Crafted by The Atlantic’s marketing team and paid for by Equitable
Share
Re:think Original / Equitable
Sweat the Smart Stuff—Not the Small Stuff
Share

Sweat the Smart Stuff—Not the Small Stuff

Contrary to what you’ve heard, your daily latte and other minor spending habits aren’t going to single-handedly make or break your financial future. But making smart, thoughtful decisions about a few big things can help you plan, save, and prepare for tomorrow.

Illustrations by Rose Wong

I f you’ve paid attention to pop culture personal financial advice, you’ve probably heard a story that goes something like this: the reason you can’t get ahead over time—or sufficiently save for a secure and comfortable retirement—is your coffee shop latte habit.

Or your love of avocado toast.

Or your fondness for streaming music and video services.

The thinking behind this is simple. It presumes that people fritter away far too much of their money on frothy little luxuries—and that in the long run, that thoughtless spending adds up, amounting to slow-drip financial self-sabotage. If all of us would instead eliminate our daily frappuccinos and other unessential purchases, we’d then have more money to save, putting us on track toward brighter financial futures.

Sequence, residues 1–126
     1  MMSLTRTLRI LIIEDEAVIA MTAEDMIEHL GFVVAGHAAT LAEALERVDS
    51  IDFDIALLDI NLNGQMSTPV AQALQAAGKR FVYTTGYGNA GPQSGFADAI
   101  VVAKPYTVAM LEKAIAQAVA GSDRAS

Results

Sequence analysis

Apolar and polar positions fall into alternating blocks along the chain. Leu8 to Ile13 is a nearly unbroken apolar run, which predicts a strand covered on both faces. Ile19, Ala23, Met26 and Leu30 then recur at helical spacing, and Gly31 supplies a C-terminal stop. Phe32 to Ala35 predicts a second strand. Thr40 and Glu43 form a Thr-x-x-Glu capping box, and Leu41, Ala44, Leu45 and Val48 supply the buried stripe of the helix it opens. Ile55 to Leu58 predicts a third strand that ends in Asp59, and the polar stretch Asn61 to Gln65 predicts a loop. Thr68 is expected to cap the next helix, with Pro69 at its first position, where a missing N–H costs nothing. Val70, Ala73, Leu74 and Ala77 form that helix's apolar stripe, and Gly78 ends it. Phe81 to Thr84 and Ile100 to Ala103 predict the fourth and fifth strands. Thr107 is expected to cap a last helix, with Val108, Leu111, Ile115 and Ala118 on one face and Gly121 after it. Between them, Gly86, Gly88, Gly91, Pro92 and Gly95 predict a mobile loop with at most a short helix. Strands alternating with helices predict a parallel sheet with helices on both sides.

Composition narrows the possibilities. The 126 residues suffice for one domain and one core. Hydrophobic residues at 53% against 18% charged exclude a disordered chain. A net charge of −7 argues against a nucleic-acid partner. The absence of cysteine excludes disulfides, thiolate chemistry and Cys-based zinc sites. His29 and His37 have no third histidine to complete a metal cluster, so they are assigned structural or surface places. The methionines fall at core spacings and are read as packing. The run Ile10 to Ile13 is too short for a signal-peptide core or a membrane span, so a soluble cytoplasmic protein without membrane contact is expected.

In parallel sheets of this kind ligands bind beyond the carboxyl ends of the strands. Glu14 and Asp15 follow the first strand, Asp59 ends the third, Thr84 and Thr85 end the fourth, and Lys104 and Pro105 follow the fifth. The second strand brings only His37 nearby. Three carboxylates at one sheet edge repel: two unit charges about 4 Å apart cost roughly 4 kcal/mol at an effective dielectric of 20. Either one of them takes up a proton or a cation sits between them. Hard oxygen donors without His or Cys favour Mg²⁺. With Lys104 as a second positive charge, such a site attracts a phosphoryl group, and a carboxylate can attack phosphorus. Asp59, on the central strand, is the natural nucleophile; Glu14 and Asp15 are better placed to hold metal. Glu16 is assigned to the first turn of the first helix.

Only that’s not the whole story.

Yes, a penny saved is a penny earned. And sure, spending less on stuff that you don’t need now can mean more money at your disposal later. Making a budget, being conscious of your daily spending habits, and cutting back on life’s little indulgences when appropriate are all good ways to boost your savings toward the future.

However, they’re not the only ways to do so. After all, a penny saved is still just a penny. When it comes to planning, saving, and preparing for tomorrow, it’s arguably less important to sweat the small stuff than to make smart, thoughtful decisions about a few big things—the key choices that almost always play a major role in building long-term wealth.